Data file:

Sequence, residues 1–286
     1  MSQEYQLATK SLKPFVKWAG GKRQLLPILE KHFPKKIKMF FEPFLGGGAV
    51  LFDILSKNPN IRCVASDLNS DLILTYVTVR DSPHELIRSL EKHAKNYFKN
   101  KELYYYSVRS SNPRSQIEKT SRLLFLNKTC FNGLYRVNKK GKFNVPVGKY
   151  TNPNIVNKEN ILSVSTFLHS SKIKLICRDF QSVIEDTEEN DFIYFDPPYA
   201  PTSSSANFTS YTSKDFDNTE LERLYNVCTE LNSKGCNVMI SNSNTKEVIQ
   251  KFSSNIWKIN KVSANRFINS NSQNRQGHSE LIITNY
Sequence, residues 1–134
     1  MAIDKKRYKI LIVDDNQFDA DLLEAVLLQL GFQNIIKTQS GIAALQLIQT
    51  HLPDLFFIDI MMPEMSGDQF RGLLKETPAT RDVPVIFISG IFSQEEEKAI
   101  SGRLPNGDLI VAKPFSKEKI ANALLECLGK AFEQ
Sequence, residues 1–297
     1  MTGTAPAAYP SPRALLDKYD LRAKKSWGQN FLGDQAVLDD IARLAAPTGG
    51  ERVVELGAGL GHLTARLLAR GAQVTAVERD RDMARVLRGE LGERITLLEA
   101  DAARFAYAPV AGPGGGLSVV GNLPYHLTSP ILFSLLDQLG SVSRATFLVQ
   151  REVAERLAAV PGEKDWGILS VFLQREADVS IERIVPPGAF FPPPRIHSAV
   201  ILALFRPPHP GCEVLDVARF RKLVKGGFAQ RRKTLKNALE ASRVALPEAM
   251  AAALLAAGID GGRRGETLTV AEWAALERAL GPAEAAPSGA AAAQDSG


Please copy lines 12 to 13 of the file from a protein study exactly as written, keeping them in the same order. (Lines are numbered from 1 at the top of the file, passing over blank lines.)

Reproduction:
Sequence, residues 1–297
     1  MTGTAPAAYP SPRALLDKYD LRAKKSWGQN FLGDQAVLDD IARLAAPTGG